A heart attack is the death (or necrosis) of part of the tissue in an organ. Necrosis usually occurs consequence of the obstruction of the artery that irrigates it.

        When the necrotic tissue is found in the heart muscle, it is called a myocardial infarction. Heart attacks can also occur in other organs; in addition to the heart, the most common are the brain, kidneys and intestine.

        If the accident takes place in the kidneys, it is called renal infarction, while if it occurs in the intestine, the correct term is “mesenteric intestinal infarction”. Strokes are called “strokes” or “blows”.

        Arterial obstruction is usually due to the accumulation of atherosclerotic plaques (or atherosclerosis) but can also be the consequence of hernias, the presence of tumors or deformity of the organ.

        Among the most relevant factors that predispose to the onset of heart attacks are tobacco and alcohol use, obesity, sedentary lifestyle, Diabetes and high cholesterol levels. They also occur more frequently in men, in people over 40, and in those with a family history of cardiovascular disorders.

        How Does Stress Cause Heart Attacks?

        The onset of heart attacks as a result of stress is due to the conjunction of a number of interrelated causal mechanisms. Specifically, scientific research has linked heart attacks to increased cortisol levels and hyperresponsiveness of the amygdala.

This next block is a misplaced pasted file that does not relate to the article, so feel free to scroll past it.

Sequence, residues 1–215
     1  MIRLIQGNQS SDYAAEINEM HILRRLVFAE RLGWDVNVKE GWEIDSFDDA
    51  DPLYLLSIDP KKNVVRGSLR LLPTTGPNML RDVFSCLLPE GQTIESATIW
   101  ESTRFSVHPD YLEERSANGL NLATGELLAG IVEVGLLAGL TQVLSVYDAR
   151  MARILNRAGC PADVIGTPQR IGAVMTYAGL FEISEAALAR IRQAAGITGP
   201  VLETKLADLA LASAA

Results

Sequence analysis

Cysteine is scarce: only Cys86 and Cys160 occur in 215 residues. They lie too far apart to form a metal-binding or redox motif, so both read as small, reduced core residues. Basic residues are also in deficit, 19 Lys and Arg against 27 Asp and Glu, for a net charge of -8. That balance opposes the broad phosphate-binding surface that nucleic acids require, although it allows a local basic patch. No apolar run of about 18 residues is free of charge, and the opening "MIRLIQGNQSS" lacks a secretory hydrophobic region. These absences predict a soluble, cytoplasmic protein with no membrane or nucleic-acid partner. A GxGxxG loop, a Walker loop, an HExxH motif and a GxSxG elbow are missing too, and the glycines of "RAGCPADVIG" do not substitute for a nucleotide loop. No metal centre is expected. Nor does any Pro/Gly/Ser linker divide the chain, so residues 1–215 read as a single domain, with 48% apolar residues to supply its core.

Cortisol is a steroid hormone which occurs in the adrenal gland and is released in response to stressful conditions. While it is essential for the body to consume energy, continued excessive secretion of cortisol can inflame the arteries, narrowing them, and making them easier to block.

        The tonsils are two brain structures located in the temporal lobes and involved in the learn emotional responses, Including those of fear, anxiety and stress. When stress levels are high most of the time, neurons in the tonsils learn through classical conditioning to elicit stress responses to stimuli that are not really a threat.

        Therefore, continuous stress in itself negatively affects the cardiovascular system, but also facilitates it that the amygdala associates the fear response with harmless stimuli. This results in a vicious cycle in which stress causes more stress, increasing the risk of heart attack and other circulatory problems.

        However, continued practice of physical and cognitive relaxation exercises can help the body stop giving stress reactions at inappropriate times. Scientific research particularly supports progressive muscle relaxation procedures and slow, deep breathing.

        Bibliographical references:

        • Ressler, KJ (2010). Tonsil activity, fear and anxiety: modulation by stress. Biological psychiatry, 67 (12); 1117 – 1119.

        • Tawakol, A. et al. (2017). Relationship between resting tonsil activity and cardiovascular events: longitudinal and cohort study. The Lancet, 389 (10071); 834 – 845.